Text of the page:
Monk Fruit Sweetener: Everything You Need to Know About This Zero-Calorie Sugar Substitute
Looking for a way to get sweetness but without the calories and health concerns that come with regular sugar. Why don’t you turn to zero or low-calorie sugar substitutes?
There are several FDA (Food and Drug Administration) approved sugar substitutes available on the market. While you may be familiar with stevia, there is a lesser-known FDA-approved sugar alternative you may have not heard of, called monk fruit. Both stevia and monk fruit come from plants and are commonly used to sweeten foods and drinks. One of the greatest benefits of these sweeteners is that they add almost no calories to your meal.
What Is Monk Fruit?
Grown in Southeast Asia, monk fruit is a small, green gourd that looks like a melon. It was used by Buddhist monks in the 13th century, which explains the fruit’s unusual name. Because the fresh monk fruit doesn’t store well and isn’t appealing, it’s usually dried and used to make medicinal teas. Monk fruit sweeteners are made from the fruit’s extract, which is further blended with other ingredients to balance the sweetness.
Monk fruit sweetener can be up to 200 times sweeter than sugar. It contains no calories, sodium, carbohydrates or fat. This explains why it has become a popular sweetener alternative for manufacturers who make low-calorie products and for the consumers who eat them. Because monk fruit extract is heat-stable, it can be used in baked goods as well as to sweeten your natural meal-replacement shakes, or in sauces or salad dressing.
What Does Monk Fruit Sweetener Taste Like?
According to the World Health Organization, individuals should restrict consumption of sugars to no more than 10% of daily caloric intake. The goal is to lower this level to 5% or less for optimal health. However, substituting sugar with the artificial sweeteners available on the market does not appear to have a favourable clinical effect, which means that a more natural option like monk fruit could be a better choice.
Because monk fruit is sweeter than sugar, you don’t sacrifice flavour in the switch. Some manufacturers blend monk fruit sweetener with other natural products, such as inulin or erythritol in an effort to minimize the sweetness. Similar to stevia monk fruit sweeteners are found in powdered or granulate form.
What Are the Benefits of Monk Fruit?
The monk fruit extract has a long history of medicinal use. Its benefits include:
May Promote Weight Loss
As mentioned above, monk fruit contains no calories, carbohydrates or fat, so it can be a useful addition to those who want to lose weight. If you’re looking to reduce your calorie intake, a great way to achieve that is by substituting monk fruit sweeteners where you would typically use sugar like in coffees or breakfast oats. Low-calorie treats and desserts can also be created by using monk fruit sweeteners.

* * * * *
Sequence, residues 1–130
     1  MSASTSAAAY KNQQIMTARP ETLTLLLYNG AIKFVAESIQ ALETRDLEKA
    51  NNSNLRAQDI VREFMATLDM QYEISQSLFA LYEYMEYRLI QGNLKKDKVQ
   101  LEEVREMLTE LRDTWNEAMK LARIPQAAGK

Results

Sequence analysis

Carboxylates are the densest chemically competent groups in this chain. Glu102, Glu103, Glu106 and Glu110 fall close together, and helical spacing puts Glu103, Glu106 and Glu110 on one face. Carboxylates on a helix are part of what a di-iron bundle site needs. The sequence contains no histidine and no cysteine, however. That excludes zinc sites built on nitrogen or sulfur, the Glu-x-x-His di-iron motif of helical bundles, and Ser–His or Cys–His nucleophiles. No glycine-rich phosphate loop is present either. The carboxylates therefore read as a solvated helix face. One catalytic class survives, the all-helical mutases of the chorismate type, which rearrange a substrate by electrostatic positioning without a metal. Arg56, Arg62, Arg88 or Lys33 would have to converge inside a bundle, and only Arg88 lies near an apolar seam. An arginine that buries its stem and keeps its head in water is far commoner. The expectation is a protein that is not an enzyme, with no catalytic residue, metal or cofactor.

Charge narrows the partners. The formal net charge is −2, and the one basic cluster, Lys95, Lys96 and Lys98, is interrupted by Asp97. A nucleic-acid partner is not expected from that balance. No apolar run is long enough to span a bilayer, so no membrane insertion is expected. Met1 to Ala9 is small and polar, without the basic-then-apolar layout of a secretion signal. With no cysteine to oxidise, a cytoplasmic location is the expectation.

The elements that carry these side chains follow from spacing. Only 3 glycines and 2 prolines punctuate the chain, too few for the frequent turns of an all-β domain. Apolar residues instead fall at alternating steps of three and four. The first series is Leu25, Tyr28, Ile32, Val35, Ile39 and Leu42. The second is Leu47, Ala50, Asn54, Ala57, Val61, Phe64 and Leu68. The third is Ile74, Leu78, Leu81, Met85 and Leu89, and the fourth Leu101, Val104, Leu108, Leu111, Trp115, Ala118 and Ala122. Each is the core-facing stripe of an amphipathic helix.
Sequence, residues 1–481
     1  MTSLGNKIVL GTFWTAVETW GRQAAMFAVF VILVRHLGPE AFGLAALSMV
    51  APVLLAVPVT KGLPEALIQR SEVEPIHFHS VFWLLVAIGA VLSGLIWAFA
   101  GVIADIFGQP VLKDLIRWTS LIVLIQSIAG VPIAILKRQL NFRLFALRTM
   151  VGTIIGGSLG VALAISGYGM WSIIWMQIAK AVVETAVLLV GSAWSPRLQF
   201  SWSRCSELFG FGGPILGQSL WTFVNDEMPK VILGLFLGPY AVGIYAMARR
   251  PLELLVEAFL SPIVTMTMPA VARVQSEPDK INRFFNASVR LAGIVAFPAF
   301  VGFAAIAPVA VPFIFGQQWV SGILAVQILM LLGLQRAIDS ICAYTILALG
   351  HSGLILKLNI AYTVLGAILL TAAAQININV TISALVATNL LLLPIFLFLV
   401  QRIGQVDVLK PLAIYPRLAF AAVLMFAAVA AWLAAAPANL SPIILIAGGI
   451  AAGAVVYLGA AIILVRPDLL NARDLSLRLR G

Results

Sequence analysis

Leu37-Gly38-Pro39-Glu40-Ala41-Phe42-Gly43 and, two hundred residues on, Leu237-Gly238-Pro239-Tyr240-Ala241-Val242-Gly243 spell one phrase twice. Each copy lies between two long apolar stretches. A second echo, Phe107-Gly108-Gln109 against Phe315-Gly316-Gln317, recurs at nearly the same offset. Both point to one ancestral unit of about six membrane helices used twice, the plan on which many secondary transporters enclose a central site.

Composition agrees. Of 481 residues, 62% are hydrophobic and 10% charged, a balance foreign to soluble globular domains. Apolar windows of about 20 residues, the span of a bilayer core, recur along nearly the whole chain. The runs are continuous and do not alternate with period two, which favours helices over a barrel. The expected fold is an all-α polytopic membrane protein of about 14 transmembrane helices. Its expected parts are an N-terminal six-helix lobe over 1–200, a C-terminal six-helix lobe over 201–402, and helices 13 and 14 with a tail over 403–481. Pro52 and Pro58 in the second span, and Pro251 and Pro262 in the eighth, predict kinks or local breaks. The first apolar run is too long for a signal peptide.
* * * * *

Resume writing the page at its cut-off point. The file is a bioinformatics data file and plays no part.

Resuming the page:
Safe for Those With Diabetes
Monk fruit doesn’t affect blood sugar, so it’s a safe choice for people with diabetes. However, it’s important that you read the product label to make sure that your choice doesn’t also contain sugar or other ingredients that could affect insulin sensitivity.
Can Aid With Cough
In traditional Chinese Medicine, monk fruit has been used as a cough suppressant and as a remedy for sore throats. To enjoy this benefit, consider using monk fruit extract in your sage tea, which is another natural remedy for coughs and sore throats. Another option is to try a cup of cough-suppressing thyme tea sweetened with monk fruit extract.
Is Monk Fruit Sweetener the Same as Stevia?
No, it’s not. Monk fruit sweetener is extracted from the monk fruit while stevia sweetener is derived from the leaves of the stevia plant. However, these two natural sweeteners share some very important characteristics other than their extraordinary sweet taste.
Both, stevia monk fruit sweeteners, are considered non-nutritive products, so they provide no nutritional benefit. They contain zero calories, zero sugar, zero carbs and no artificial ingredients and are safe to consume even by children and pregnant women. Both are considered good choices for those on Keto as they contribute no carbohydrates to a diet. And because they each have glycemic indexes of zero and neither raise blood sugar levels, they are also safe for diabetics.
Monk Fruit Side Effects and Safety Concerns
In China (where monk fruit has been cultivated since the 13th century), monk fruit has a long history of both culinary and medicinal use. There is no evidence of any dangers or side effects associated with the use of monk fruit – even when consumed in large amounts. The FDA has said that monk fruit extract is GRAS (generally recognizes as safe) when used as a sugar substitute.
Note that although these extracts are considered safe for use as sweeteners, any food substance can cause an adverse reaction if a person is sensitive to it. Share any concerns you may have about the adverse reactions with your health care provider.